United States District Court, N.D. California
ANTHONY F. WILSON, Plaintiff,
CAROLYN W. COLVIN, Defendant.
ORDER ON CROSS-MOTIONS FOR SUMMARY JUDGMENT RE: DKT.
NOS. 19, 22
WILLIAM H. ORRICK, UNITED STATES DISTRICT JUDGE.
Anthony F. Wilson (“Wilson”) and the Commissioner
of Social Security (“defendant” or
“Commissioner”) cross-move for summary judgment,
contesting whether the ALJ's residual functional capacity
(“RFC”) assessment failed to correctly reflect
examining psychologist Dr. DeBattista's opinion. The
question is whether an inconsistency exists between
DeBattista's opinion that Wilson can perform “one
to two-step instructions” and the ALJ's RFC
assessment limiting Wilson to “simple, repetitive
tasks” and, if so, whether that inconsistency was
required to be addressed by the ALJ. Compare
Administrative Record (“AR”) 465 with AR
16. I conclude that the ALJ failed to explain why he rejected
DeBattista's one to two-step instructions. Therefore, I
GRANT plaintiff's motion and remand this case for further
filed for disability in May 2012, claiming he was disabled
due to having been shot in the head, and that he suffered
from paranoia, seizures, anxiety, and memory loss starting in
October 19, 2009. AR 59.
February 2010 (pursuant to a prior application for disability
benefits), Wilson's medical history was reviewed by
non-examining state-agency psychologist Dr. Paul Klein. AR
333 - 346. Klein opined that Wilson had “adequate
memory and understanding for simple 1-2 step tasks; adequate
sustained concentration, persistence, and pace for simple 1-2
step tasks; adequate social interaction with supervisors,
coworkers, and limited public contact; adequate adaptability
to change in most routine work-like settings.” AR 346.
Klein added that Wilson was capable of “new learning of
simple 1-2 step tasks” but might need supervision while
transitioning. AR 346.
February 2011, Wilson was seen by agency examining
psychologist Dr. Jonathan Howard. Wilson took the Wechsler
Memory Scale-III test and scored an Immediate Visual Memory
of 49 and a Working Memory of 79, which is in the eighth
percentile. AR 368. The Immediate Visual Memory score is
“below the first tenth of the first percentile.”
Pl.'s Mot. 5; AR 368 (“(<0.1%ile; 90% C.L.:
49-66)).” The Working Memory score is in the 8th
percentile. Id. Howard's diagnostic impression
was that Wilson had a cognitive disorder not otherwise
specified and a mood disorder not otherwise specified with
anxious features. AR 368. In addition, Howard opined that
Wilson had marked impairments in understanding, remembering
and carrying out both complex as well as short and simple
instructions. AR 368.
March 2011, non-examining agency psychologist Dr. Robert Liss
reviewed Wilson's records. AR 369-382. Liss determined
Wilson was “able to complete simple tasks; able to
maintain [concentration, persistence or pace] over a full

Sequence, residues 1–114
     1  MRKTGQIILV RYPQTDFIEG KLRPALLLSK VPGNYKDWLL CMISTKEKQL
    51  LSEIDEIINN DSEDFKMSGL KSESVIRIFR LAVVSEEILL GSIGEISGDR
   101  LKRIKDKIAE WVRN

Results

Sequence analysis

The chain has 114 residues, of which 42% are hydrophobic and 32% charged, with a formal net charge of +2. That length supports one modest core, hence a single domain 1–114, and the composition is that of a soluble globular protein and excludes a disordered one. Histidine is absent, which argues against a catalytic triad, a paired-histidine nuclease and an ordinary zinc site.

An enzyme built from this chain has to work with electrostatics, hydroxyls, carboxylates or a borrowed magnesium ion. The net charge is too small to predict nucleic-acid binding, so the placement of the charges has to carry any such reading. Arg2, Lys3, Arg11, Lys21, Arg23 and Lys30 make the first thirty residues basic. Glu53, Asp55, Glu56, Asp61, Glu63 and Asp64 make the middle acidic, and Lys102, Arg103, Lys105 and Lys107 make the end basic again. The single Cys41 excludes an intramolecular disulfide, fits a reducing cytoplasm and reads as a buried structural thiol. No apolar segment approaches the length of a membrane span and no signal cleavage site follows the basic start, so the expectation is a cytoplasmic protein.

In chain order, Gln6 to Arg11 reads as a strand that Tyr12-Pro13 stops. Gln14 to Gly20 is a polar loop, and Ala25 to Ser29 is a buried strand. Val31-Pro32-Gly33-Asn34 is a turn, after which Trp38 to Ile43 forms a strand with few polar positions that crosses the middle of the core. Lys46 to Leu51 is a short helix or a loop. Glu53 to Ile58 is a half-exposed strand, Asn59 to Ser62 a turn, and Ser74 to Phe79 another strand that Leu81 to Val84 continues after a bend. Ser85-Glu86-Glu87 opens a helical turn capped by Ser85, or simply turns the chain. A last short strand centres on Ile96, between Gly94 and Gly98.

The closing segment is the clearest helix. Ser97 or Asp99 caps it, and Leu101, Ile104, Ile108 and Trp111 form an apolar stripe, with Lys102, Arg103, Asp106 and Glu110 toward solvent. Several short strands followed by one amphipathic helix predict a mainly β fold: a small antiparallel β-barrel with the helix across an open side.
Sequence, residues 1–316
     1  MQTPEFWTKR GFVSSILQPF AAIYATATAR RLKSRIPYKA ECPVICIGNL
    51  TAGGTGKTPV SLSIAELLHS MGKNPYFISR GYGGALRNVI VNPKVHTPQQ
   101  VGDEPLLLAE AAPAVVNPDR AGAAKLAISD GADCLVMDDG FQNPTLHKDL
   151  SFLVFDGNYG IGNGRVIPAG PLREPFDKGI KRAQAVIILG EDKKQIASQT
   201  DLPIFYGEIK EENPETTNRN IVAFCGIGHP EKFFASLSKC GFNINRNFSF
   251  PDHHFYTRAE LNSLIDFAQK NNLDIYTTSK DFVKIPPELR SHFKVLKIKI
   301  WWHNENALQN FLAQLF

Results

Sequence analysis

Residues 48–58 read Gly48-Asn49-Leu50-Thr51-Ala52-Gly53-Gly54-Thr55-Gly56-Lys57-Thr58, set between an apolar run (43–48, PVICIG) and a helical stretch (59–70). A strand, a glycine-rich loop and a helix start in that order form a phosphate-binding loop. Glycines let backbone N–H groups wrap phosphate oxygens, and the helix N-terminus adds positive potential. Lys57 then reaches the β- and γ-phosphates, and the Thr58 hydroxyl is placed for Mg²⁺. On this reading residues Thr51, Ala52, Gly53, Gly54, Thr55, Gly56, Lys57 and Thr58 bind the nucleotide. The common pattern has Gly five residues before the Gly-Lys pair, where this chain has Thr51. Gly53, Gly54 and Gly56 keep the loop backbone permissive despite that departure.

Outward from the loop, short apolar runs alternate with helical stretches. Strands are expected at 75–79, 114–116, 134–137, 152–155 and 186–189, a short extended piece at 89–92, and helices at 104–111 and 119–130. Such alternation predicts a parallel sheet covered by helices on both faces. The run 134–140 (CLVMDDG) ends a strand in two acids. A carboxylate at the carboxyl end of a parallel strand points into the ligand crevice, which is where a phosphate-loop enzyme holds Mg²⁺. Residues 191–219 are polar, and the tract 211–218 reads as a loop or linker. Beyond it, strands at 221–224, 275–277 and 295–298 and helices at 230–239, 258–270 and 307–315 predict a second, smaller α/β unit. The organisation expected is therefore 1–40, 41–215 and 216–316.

work week; able to interact, with limited public contact;
able to adapt to ordinary workplace stress and change.”
October 2012, at the initial review level, agency mental
health consultant Dr. Patricia Heldman concluded that there
was evidence of a severe “affective disorder” but
“insufficient evidence” in the record of any
limitations in mental functioning. AR 62-64.
April 2013, Wilson was examined by agency psychologist Dr.
Charles DeBattista. AR 460-466. On the psychiatric
evaluation, DeBattista noted that Wilson had a “five
forward digit span, ” meaning Wilson could remember
three out of three objects immediately but was unable to
recall any of the three objects after five minutes. AR 464.
DeBattista also noted Wilson would “benefit from
neuropsychologic testing to assess the extent of his memory
difficulties.” AR 465. Based on his examination, De
Battista opined that Wilson was able to “understand,
remember, and carry out simple one or two-step job
instructions.” AR 465. He, however, was “not able
to do detailed and complex instructions.” Id.
2013, non-examining agency psychiatrist Dr. F. L. Williams
reviewed the record for a “Mental Residual Functional
Capacity Assessment.” AR 78-79. Williams determined
that Wilson was not significantly limited in the ability to
“carry out very short and simple instructions.”
AR 78. However, Wilson was moderately limited in the ability
to “carry out detailed instructions.” AR 78.
Williams opined that Wilson did not have adaptation
limitations but when asked to explain in “narrative
form” the adaptation limitations, Williams wrote
filed a Title II application for a period of disability and
disability insurance benefits and a Title XVI application for
Supplemental Security Income on May 9, 2012. AR 12. His
claims were denied initially and on reconsideration on
October 9, 2012 and May 21, 2013. AR 12.
March 19, 2014, Wilson testified at a hearing before an ALJ.
AR 27-58. At the hearing, a Vocational Expert was asked what
possible work Wilson could perform assuming a “capacity
for work at all exertional levels, nonpublic, simple,
repetitive tasks, no heights or hazards . . . [like] moving
machinery, operating heavy equipment.” AR 46. The
Vocational Expert testified that, although Wilson's
previous jobs were precluded, there were other jobs Wilson
could perform. AR 46-48. ...